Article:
Leader Spotlight: Colin Raunig
Veterans for American Ideals is recognizing veteran leaders who are continuing their service by building unity and standing up for American values. Through a series of interviews, we’re asking VFAI leaders to share more about how their service shaped them and what responsibility they feel veterans have to speak up on issues that relate to our national ideals.
Today’s interview is with Colin Raunig, a graduate of the U.S. Naval Academy who served as a Naval Flight Officer for 8 years. He is currently an MFA student of fiction at Colorado State University, and co-leads the Veterans for American Ideals Colorado team.
Tell me about your military service.
I was a Naval Flight Officer on the E6B Mercury in Oklahoma City out of Tinker Air Force base. That was my primary job for my sea tour. For my shore tour, I was an exchange officer at the Japanese Naval Academy for two years.
I joined because I had some family that had served in the Navy. When it was about time to apply to college, I decided to apply to the Naval Academy. That ended up working out for me!
How did your service shape the person you are today?
It forced me outside of my bubble and it made me consider issues in the real world that I don’t think I would have confronted had I just gone to college. I think it prepared me for getting out of the Navy as well, to be aware of different things and to tackle problems with some of the discipline and effort that was required of me in the Navy. Even though what I’m studying now is very different than what I was doing in the Navy, I am still applying some of the same lessons that I learned.
As a veteran, what sort of responsibility do you feel to speak up on issues that relate to American ideals?
Something I’m very aware of because I’m a veteran, and especially because of my time in Japan, is not only the role that the military has in America, but the role the American military has in the world.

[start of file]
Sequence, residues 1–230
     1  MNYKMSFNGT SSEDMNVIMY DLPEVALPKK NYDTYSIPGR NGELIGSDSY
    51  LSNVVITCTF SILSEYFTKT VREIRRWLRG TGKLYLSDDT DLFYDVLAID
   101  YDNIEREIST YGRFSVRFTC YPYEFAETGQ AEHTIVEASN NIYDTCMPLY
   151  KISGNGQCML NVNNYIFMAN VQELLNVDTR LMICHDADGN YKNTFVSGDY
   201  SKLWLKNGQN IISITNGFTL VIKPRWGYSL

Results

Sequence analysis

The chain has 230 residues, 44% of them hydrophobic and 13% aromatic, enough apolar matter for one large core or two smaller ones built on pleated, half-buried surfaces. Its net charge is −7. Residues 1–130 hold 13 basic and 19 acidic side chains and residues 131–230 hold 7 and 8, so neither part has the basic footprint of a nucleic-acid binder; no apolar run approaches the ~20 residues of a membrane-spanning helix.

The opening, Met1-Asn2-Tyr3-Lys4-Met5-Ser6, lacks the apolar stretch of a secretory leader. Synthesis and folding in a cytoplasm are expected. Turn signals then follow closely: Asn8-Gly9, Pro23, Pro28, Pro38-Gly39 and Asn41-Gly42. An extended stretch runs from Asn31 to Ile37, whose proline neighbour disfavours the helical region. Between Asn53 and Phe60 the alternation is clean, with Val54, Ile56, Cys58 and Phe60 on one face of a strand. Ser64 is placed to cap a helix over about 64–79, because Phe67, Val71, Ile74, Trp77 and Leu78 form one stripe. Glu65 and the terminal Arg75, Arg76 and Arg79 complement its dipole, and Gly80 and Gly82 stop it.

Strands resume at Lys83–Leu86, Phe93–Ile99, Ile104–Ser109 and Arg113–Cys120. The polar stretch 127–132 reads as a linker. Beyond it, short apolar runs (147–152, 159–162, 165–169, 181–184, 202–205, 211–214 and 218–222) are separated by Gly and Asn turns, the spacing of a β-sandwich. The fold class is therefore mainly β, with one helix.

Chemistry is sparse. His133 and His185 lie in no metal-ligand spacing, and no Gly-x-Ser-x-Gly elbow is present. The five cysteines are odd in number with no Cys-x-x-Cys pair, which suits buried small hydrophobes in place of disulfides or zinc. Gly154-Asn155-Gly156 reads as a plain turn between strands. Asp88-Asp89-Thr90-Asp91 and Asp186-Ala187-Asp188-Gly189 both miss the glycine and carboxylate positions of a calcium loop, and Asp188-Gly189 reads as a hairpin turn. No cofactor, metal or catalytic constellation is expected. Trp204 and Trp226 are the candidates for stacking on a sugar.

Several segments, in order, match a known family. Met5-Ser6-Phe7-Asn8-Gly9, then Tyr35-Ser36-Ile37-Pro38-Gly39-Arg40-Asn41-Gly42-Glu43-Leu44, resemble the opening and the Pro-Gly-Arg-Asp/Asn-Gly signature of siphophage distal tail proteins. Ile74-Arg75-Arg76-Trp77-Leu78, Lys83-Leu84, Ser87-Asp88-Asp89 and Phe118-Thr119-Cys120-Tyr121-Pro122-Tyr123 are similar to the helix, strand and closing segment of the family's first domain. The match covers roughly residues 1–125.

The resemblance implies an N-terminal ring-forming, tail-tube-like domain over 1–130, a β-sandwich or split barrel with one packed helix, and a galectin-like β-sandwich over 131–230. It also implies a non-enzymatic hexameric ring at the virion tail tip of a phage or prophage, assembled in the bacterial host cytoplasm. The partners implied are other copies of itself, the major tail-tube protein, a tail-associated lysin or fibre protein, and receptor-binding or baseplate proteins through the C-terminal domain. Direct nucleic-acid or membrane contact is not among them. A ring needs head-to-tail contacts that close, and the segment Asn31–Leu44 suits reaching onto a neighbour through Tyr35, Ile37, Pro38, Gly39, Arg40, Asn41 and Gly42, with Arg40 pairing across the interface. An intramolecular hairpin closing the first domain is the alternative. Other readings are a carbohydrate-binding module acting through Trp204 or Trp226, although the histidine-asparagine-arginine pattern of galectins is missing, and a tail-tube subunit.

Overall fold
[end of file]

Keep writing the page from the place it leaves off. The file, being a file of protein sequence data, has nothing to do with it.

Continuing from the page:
Specifically, helping the vulnerable is important to me because that’s what I saw as one of the larger missions that I was trying to accomplish while I was on active duty. Working with Veterans for American Ideals seemed like a great opportunity for me to be able to do that as a veteran.
Tell me about one issue related to those ideals that is of particular importance or concern to you right now. What are you doing about it?
The refugee issue is important to me. In my hometown, there were a lot of first and second generation immigrants from all over the world. So while that was not my personal family history, I had a lot of friends and acquaintances growing up who were part of that America.
When I saw that there were other veteran writers who were part of VFAI, like Matt Gallagher and Phil Klay, it inspired me. It made me realize I could contribute as a writer. In grad school I didn’t know what contributions I’d make in the world, then I saw these writers contributing in a way that went beyond their own creative aspirations. I realized I could speak up and use my voice as a writer on these issues. I think that spreading a message of welcoming refugees to try to change minds or at least communicate the importance of it from the perspective of veterans, is so important.
What would you say to other veterans about the role that they can play in these issues as citizens?
I’d say to other veterans that the issues that VFAI believes in are the same issues that you believe in. And you can definitely play a role, whether it’s with writing, or another talent you bring. There are a lot of different ways to help, and you can contribute as part of VFAI, or on your own. These are nonpartisan issues and it’s important to get involved.